Turner White CommunicationsAbout TWCSubscribeContact TWCHomeSearch
Hospital PhysicianJCOMSMPBRMsCart
Current Contents
Past Issue Archives
Interactive:
Self-Assessment Questions
Review of
Clinical Signs
Clinical Review
Quiz
Pediatric Rounds
Resident Grand Rounds
Article Archives
Case Reports
Clinical Practice
Exams
Pediatric Rounds
Resident Grand Rounds
Review of
Clinical Signs

Guide to Reading
Hospital Physician
Editorial Board
Information for Authors

Reprints, Permissions, & Copyright
Site Map


Self-Assessment Questions

Hematology

Aplastic Anemia: Review Questions

Gabrielle Meyers, MD

Dr. Meyers is an assistant professor of medicine, Center for Hematologic Malignancies, Oregon Health and Science University, Portland, OR



Choose the single best answer for each question.



Figure. A bone marrow biopsy of the patient described in questions 1 to 4.

Questions 1 to 4 refer to the following case.
A 20-year-old man presents to the emergency department for evaluation of recurrent epistaxis. He reports a 1-week history of nosebleeds that occur at least once daily and can last up to 45 minutes. Nosebleeds have been progressively worsening. He works in a grocery store and has noticed large bruises on his abdomen and thighs after carrying milk crates. He was able to work up until 2 days ago when he developed fever up to 102°F associated with significant fatigue. The patient denies sinus congestion, throat pain, cough, shortness of breath, nausea, emesis, melena, hematochezia, or hematuria. He also reports headaches and mild gum bleeding when brushing his teeth. On physical examination, vital signs include temperature of 100.8°F, heart rate of 115 bpm, respiratory rate of 22 breaths/min, and blood pressure of 134/75 mm Hg. In general, the patient is pale and fatigued but is in no acute distress. Head, eye, ear, nose, and throat examination reveals that his pupils are equal, round, and reactive to light; extraocular movements are intact; and oropharynx is slightly dry with petechiae on his buccal mucosa and posterior pharynx. He has no sinus tenderness, nuchal rigidity, or neck lymphadenopathy. Heart rate is regular and tachycardic with 2/6 systolic murmur that is loudest at the left lower sternal border. Lungs are clear to auscultation bilaterally. Abdomen has positive bowel sounds and is soft and nontender with no hepatosplenomegaly. The extremities are warm with no edema, but skin examination reveals petechiae present on lower extremities bilaterally. Results of laboratory testing are: white blood cell count of 800 cells/µL, with a differential of 2% neutrophils (segmented), 96% lymphocytes, and 2% monocytes with an absolute neutrophil count (ANC) of 16 cells/µL; hemoglobin, 5.2 g/dL; hematocrit, 14.8%; and platelet count, 5000 cells/µL.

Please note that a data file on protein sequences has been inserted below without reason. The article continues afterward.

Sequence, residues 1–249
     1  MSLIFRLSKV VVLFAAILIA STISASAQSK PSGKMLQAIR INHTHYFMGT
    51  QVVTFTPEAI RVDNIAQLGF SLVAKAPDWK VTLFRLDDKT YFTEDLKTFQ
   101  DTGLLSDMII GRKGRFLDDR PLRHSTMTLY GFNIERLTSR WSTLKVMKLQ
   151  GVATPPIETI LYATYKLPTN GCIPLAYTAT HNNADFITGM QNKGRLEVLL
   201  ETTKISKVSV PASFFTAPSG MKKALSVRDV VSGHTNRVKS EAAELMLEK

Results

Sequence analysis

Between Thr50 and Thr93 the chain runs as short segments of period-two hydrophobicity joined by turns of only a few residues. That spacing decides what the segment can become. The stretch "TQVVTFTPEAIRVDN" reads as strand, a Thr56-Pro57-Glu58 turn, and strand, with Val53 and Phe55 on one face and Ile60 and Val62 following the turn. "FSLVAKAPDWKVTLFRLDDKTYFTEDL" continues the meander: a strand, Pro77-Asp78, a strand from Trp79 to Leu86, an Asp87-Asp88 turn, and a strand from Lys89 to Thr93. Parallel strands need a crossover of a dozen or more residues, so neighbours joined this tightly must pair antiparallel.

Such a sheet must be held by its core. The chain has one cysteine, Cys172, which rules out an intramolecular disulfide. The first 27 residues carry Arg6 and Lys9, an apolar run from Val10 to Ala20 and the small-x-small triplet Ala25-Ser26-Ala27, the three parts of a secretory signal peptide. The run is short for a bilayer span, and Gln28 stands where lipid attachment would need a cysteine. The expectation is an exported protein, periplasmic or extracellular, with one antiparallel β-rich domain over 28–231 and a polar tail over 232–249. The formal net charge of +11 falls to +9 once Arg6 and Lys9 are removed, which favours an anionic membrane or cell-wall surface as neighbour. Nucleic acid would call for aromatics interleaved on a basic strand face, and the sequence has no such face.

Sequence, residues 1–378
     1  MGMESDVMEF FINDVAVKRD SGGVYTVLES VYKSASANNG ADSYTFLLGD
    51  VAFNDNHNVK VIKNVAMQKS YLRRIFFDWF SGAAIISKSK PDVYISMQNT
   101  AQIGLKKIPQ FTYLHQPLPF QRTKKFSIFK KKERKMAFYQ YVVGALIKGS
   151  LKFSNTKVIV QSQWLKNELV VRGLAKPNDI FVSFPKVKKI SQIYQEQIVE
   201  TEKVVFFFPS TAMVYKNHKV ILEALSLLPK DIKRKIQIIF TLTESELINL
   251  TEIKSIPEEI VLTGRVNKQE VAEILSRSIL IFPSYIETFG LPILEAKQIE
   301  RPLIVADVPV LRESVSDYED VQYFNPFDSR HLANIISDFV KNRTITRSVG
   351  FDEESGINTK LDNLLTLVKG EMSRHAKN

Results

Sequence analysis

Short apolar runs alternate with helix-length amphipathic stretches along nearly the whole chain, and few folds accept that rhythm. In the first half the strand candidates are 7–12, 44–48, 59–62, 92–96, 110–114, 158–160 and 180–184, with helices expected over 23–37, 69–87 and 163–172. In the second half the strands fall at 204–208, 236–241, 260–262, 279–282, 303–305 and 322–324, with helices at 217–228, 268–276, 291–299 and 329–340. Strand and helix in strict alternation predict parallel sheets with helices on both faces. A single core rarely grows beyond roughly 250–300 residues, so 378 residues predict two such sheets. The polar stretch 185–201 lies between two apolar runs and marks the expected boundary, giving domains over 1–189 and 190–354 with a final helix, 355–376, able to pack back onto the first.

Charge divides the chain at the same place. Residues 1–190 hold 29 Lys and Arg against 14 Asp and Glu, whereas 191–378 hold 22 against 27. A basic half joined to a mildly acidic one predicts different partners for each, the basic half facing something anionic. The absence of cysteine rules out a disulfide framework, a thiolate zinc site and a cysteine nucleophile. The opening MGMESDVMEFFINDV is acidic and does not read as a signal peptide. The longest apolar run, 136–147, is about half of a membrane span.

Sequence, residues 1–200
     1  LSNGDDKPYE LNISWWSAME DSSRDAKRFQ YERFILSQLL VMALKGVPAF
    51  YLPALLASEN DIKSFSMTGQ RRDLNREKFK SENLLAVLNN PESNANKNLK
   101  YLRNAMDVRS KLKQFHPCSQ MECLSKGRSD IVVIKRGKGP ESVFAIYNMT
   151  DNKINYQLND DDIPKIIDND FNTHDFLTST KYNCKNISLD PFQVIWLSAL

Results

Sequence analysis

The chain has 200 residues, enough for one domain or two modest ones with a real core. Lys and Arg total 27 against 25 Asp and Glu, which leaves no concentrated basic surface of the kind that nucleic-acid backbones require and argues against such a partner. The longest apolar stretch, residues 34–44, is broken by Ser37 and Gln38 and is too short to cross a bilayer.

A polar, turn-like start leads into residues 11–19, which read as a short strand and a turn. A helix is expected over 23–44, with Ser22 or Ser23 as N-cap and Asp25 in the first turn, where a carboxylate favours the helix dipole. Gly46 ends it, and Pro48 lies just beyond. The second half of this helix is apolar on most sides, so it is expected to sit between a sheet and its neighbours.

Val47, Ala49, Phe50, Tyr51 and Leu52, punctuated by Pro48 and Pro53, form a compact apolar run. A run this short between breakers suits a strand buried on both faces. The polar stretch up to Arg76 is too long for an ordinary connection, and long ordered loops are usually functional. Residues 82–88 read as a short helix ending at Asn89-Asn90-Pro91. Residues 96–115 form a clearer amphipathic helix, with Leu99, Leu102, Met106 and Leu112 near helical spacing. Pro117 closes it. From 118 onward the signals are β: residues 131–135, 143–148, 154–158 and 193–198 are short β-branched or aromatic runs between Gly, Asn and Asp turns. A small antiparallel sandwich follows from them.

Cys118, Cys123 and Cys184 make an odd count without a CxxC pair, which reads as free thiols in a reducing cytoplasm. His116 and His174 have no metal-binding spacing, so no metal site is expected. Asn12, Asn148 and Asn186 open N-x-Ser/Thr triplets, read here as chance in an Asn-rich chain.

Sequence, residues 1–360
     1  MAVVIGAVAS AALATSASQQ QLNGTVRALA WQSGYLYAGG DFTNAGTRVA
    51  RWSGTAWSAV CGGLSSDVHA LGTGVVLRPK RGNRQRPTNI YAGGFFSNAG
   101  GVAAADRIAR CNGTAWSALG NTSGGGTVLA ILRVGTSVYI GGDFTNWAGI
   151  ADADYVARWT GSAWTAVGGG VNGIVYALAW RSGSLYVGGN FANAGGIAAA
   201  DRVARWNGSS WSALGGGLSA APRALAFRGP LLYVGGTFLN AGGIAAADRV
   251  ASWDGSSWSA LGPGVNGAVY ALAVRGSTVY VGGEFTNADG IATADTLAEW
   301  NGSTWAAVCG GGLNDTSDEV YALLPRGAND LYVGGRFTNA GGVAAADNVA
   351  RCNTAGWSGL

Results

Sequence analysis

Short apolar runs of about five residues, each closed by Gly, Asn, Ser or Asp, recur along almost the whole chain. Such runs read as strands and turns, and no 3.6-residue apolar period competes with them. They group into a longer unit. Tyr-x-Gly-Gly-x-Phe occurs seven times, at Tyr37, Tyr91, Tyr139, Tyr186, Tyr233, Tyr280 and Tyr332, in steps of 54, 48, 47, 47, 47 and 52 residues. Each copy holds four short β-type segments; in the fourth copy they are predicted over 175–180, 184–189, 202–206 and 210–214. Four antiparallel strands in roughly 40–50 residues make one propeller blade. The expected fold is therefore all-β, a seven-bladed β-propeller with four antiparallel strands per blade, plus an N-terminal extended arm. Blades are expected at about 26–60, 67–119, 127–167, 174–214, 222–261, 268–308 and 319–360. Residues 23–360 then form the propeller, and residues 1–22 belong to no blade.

1. What is the most appropriate next step in the management of this patient?

  1. Admit the patient to the hospital for administration of intravenous (IV) antibiotic drugs, blood and platelet transfusions, and a bone marrow biopsy
  2. Perform blood and platelet transfusion, initiate oral levofloxacin, and draw blood cultures, then arrange for a bone marrow biopsy the next day as an outpatient
  3. Perform blood and platelet transfusion with follow-up the next day for further evaluation
  4. Perform bone marrow biopsy the next day as an outpatient
Click here to compare your answer.


2. The patient undergoes bone marrow biopsy (Figure). What is this patient’s diagnosis?
  1. Acute lymphoblastic leukemia
  2. Acute myelogenous leukemia (AML)
  3. Aplastic anemia
  4. Myelodysplastic syndrome (MDS)
Click here to compare your answer.


3. What is the most common cause of inherited bone marrow failure?

  1. Diamond-Blackfan anemia
  2. Dyskeratosis congenita
  3. Fanconi anemia
  4. Schwackman-Diamond syndrome
Click here to compare your answer.


4. The patient undergoes evaluation for bone marrow transplantation. If the patient has a human leukocyte antigen–matched sibling, what is the 5-year survival rate after bone marrow transplantation?

  1. 30%
  2. 50%
  3. 60%
  4. 80%
Click here to compare your answer.


Questions 5 and 6 refer to the following case.
A 62-year-old man is referred to a hematologist for further work-up of pancytopenia. Two years ago, the patient was diagnosed with chronic lymphocytic leukemia (CLL) and completed 4 courses of fludarabine, cyclophosphamide, and rituximab chemotherapy with excellent response. The patient states that he has had a progressive decline in blood counts within the last 2 months. Physical examination is remarkable for scattered petechiae in his mouth, but no adenopathy or hepatosplenomegaly is noted. Cardiopulmonary examination is normal. Laboratory studies show a white blood cell count of 1300 cells/µL, hematocrit of 25.8%, and platelet count of 12,000 cells/µL. Renal and liver function tests are normal. Bone marrow biopsy reveals a markedly hypocellular marrow with hypocellularity of 10% or less. Flow cytometry shows no evidence of CLL. Cytogenetic studies could not be performed.

5. How should this patient be treated?

  1. Antithymocyte globulin (ATG) with cyclosporine
  2. Azacitidine in standard doses
  3. Azacitidine with dose reduction
  4. Supportive care alone
Click here to compare your answer.


6. The patient has a good partial response to the prescribed treatment. Fourteen months after recovery, his blood counts have declined again. What is the most likely cause for this patient’s declining blood counts?

  1. CLL
  2. Progressive MDS
  3. Recurrent aplastic anemia
  4. Secondary MDS
Click here to compare your answer.
 

Self-Assessment Questions Main Page Top

Hospital Physician     JCOM     Seminars in Medical Practice
Hospital Physician Board Review Manuals
About TWC    Subscribe    Contact TWC    Home    Search   Site Map

Copyright © 2009, Turner White Communications
Updated 2/05/09 • nvf